It is often used for non-sporting purposes
BANGALORE: The decision to keep the body of Kannada thespian Rajkumar at the Sree Kanteerava Stadium to allow fans to pay their last respects to the icon of Kannada cinema, without making proper security arrangements proved to be a disastrous one.
Trail of destruction
Mayhem and rampage that rocked the stadium after the crowd took law into its hands left a trail of destruction at the complex, which is scheduled to host the prestigious Asian Grand Prix athletics meet on May 22. The losses have been estimated at Rs. 2 lakh, and the official estimate is expected to be available by Monday.
The organisers of the Asian Grand Prix were struggling hard to get things in order for the meet as the track was showing wear and tear and the facilities for people as well as athletes were woefully inadequate.
Thursday's riot has only worsened the situation. Chairs were smashed in the gallery, windows of the entrance and adjoining sports hostel broken and pits for high jump and long jump torched. The track took further pounding from the mob, which played hide and seek with the police in the stadium which turned into a battle zone.
"We were lucky to get away with this. I shudder to think what would have happened if we had conceded the demand that Dr. Rajkumar's body be kept in the indoor stadium. It would have been catastrophic," a sports official said.
The organisers of the Asian Grand Prix exuded confidence that they would set everything right before the mega event. But that is a big hope considering the fact that the entire track needs to be relaid and what the officials are likely to end up doing is carrying out some patch work on the track and get it ready for the meet.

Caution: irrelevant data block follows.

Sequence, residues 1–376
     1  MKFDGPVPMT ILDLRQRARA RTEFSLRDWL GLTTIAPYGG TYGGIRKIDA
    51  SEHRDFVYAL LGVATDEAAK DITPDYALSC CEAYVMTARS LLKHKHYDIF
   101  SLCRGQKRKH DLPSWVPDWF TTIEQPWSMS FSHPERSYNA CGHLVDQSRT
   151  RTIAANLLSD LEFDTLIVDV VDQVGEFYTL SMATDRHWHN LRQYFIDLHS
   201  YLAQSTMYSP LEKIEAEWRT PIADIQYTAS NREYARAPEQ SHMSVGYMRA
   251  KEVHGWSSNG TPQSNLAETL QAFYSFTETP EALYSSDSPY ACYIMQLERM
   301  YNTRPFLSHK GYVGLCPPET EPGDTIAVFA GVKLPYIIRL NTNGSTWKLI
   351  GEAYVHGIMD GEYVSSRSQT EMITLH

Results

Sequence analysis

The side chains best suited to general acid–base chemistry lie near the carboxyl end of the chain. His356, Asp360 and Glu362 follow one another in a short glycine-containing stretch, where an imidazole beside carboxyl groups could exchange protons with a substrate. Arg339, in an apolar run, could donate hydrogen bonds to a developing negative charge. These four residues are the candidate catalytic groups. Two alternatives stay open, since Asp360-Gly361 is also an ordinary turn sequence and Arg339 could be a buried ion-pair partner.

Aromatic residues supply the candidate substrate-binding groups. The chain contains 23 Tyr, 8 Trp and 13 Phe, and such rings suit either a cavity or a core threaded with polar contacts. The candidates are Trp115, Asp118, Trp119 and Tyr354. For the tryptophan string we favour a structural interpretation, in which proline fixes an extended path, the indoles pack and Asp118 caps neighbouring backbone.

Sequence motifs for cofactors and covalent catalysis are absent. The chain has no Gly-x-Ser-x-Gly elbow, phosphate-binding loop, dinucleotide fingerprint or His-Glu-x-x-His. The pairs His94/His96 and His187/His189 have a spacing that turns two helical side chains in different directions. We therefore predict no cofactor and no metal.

Thursday's incident was waiting to happen, given the penchant of the authorities to use the stadium for public and commercial purposes. Sports associations in the State have argued in vain that the stadium should exclusively remain a sports' preserve. But with inadequate funds for the upkeep, it is hard for the authorities to resist commercial propositions or, for that matter, political pressure, to allow the stadium to be used for non-sporting activities.
Bangalore Staff Reporter writes: Meanwhile, Bangalore police have arrested 700 people and registered 75 cases in connection with the arson and vandalism following the death of Dr. Rajkumar on Wednesday. Joint Commissioner of Police (Crime) M.C. Narayanagowda said most of 178 people who were injured have been discharged from hospitals.
Sixty civilians and 118 policemen were injured in the rioting. Three IPS officers and two Assistant Commissioners of Police were also injured.